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You searched for subject:(Performance anxiety Treatment). Showing records 1 – 3 of 3 total matches.

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University of Miami

1. Page, Molly L. Running as a Treatment for Music Performance Anxiety.

Degree: MM, Music Education and Music Therapy (Music), 2017, University of Miami

The purpose of this paper is to examine perceived levels of music performance anxiety (MPA) when participants are prescribed a running treatment. Three research questions were investigated throughout the study: 1) How does a running program influence perceived levels of MPA among music performers? 2) What other outcomes do students report they experience from the running treatment? 3) Does increased cardiovascular health result in lower levels of perceived MPA? A secondary research question was asked: Do perceived levels of MPA among participants vary based on degree concentration, instrument, gender, and age? Nineteen participants were recruited for this study from the Frost School of Music and were in varying areas of study at the undergraduate, masters and doctoral level. The 19 participants were divided into two groups, control or treatment. The control group did a breathing exercise prior to a performance while the treatment group followed a six-week running plan. Statistical results from this research were not significant, but participants in the running group did report higher levels of confidence, decreased stress and anxiety, and increased lung capacity. Participants in both groups had a similar decrease in anxiety levels after treatment, breathing exercise or running. Implications from these results and suggestions for further research are offered. Advisors/Committee Members: Stephen F. Zdzinski, Brian T. Powell, Joseph F. Signorile.

Subjects/Keywords: Music Performance Anxiety; Running; Exercise; Treatment; Music Education

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APA (6th Edition):

Page, M. L. (2017). Running as a Treatment for Music Performance Anxiety. (Thesis). University of Miami. Retrieved from https://scholarlyrepository.miami.edu/oa_theses/652

Note: this citation may be lacking information needed for this citation format:
Not specified: Masters Thesis or Doctoral Dissertation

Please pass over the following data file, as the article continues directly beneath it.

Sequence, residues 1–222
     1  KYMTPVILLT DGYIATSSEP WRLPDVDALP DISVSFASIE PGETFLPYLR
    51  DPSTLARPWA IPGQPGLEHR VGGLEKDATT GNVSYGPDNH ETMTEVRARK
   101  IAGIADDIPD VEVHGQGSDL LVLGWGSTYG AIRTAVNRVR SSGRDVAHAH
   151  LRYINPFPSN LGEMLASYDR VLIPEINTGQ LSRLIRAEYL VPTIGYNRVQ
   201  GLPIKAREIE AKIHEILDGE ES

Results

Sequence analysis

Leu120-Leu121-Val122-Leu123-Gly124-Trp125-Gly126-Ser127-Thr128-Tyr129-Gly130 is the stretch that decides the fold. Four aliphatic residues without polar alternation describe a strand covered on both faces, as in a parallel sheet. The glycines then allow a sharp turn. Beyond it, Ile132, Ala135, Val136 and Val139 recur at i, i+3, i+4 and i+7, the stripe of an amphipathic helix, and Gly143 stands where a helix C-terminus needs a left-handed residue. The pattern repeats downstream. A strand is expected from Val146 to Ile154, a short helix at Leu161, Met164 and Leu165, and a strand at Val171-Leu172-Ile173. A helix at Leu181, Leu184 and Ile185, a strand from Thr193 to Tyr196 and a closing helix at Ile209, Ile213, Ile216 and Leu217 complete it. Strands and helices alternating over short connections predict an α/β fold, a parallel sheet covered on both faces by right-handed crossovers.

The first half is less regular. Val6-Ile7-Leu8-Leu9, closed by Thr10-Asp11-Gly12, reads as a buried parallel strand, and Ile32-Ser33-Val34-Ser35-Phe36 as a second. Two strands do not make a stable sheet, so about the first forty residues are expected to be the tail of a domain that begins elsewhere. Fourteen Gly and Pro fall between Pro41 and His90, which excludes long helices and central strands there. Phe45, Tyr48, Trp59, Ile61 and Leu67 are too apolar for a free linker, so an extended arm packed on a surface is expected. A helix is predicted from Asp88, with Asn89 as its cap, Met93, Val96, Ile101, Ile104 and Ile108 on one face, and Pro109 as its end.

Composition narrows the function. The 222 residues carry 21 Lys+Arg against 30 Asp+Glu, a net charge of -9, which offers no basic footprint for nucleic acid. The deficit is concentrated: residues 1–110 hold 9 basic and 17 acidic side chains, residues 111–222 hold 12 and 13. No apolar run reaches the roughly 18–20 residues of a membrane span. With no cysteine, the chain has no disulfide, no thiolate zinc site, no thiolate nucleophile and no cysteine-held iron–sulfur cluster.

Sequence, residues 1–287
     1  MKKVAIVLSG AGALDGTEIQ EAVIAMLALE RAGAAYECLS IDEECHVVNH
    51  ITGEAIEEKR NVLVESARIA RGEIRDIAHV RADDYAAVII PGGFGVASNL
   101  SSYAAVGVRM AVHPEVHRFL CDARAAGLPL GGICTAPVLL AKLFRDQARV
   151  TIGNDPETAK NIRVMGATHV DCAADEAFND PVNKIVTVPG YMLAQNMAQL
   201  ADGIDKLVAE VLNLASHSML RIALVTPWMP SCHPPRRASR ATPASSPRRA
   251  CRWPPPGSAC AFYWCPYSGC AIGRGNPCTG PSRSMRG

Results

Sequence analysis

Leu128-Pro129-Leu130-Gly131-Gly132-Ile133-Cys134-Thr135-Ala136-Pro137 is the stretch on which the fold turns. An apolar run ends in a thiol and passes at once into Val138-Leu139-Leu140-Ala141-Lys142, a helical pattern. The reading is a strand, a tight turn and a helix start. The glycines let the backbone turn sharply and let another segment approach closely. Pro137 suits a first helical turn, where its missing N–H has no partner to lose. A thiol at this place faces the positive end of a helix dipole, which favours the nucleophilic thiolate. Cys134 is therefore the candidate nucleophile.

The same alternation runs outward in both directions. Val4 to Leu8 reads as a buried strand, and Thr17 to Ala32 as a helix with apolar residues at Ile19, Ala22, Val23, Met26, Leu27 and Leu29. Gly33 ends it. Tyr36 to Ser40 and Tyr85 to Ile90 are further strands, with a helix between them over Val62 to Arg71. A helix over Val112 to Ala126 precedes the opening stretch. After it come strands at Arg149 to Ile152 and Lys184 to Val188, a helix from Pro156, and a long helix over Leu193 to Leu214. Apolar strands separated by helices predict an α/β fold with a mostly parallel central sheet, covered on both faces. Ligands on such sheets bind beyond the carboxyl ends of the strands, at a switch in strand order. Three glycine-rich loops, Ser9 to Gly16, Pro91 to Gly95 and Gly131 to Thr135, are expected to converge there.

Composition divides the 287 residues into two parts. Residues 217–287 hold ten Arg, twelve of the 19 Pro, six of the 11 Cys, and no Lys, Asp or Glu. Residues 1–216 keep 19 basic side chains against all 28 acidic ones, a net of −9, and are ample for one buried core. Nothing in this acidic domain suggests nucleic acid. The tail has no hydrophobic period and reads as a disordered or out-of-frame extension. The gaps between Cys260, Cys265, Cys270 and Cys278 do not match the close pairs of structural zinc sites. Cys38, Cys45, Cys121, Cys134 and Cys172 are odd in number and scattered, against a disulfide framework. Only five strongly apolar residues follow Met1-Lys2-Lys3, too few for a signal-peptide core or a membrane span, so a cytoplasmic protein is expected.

Chicago Manual of Style (16th Edition):

Page, Molly L. “Running as a Treatment for Music Performance Anxiety.” 2017. Thesis, University of Miami. Accessed January 20, 2020. https://scholarlyrepository.miami.edu/oa_theses/652.

Note: this citation may be lacking information needed for this citation format:
Not specified: Masters Thesis or Doctoral Dissertation

MLA Handbook (7th Edition):

Page, Molly L. “Running as a Treatment for Music Performance Anxiety.” 2017. Web. 20 Jan 2020.

Vancouver:

Page ML. Running as a Treatment for Music Performance Anxiety. [Internet] [Thesis]. University of Miami; 2017. [cited 2020 Jan 20]. Available from: https://scholarlyrepository.miami.edu/oa_theses/652.

Note: this citation may be lacking information needed for this citation format:
Not specified: Masters Thesis or Doctoral Dissertation

Council of Science Editors:

Page ML. Running as a Treatment for Music Performance Anxiety. [Thesis]. University of Miami; 2017. Available from: https://scholarlyrepository.miami.edu/oa_theses/652

Note: this citation may be lacking information needed for this citation format:
Not specified: Masters Thesis or Doctoral Dissertation


Michigan State University

2. Miller, Tess Anissa. Why did it sound better in the practice room? : a guide to music performance anxiety and how to cope with it through journal writing.

Degree: DMA, Department of Music Performance, 2004, Michigan State University

Subjects/Keywords: Performance anxiety; Performance anxiety – Prevention; Performance anxiety – Treatment; Self-help techniques; Diaries – Authorship

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APA · Chicago · MLA · Vancouver · CSE | Export to Zotero / EndNote / Reference Manager

APA (6th Edition):

Miller, T. A. (2004). Why did it sound better in the practice room? : a guide to music performance anxiety and how to cope with it through journal writing. (Doctoral Dissertation). Michigan State University. Retrieved from http://etd.lib.msu.edu/islandora/object/etd:16804

Chicago Manual of Style (16th Edition):

Miller, Tess Anissa. “Why did it sound better in the practice room? : a guide to music performance anxiety and how to cope with it through journal writing.” 2004. Doctoral Dissertation, Michigan State University. Accessed January 20, 2020. http://etd.lib.msu.edu/islandora/object/etd:16804.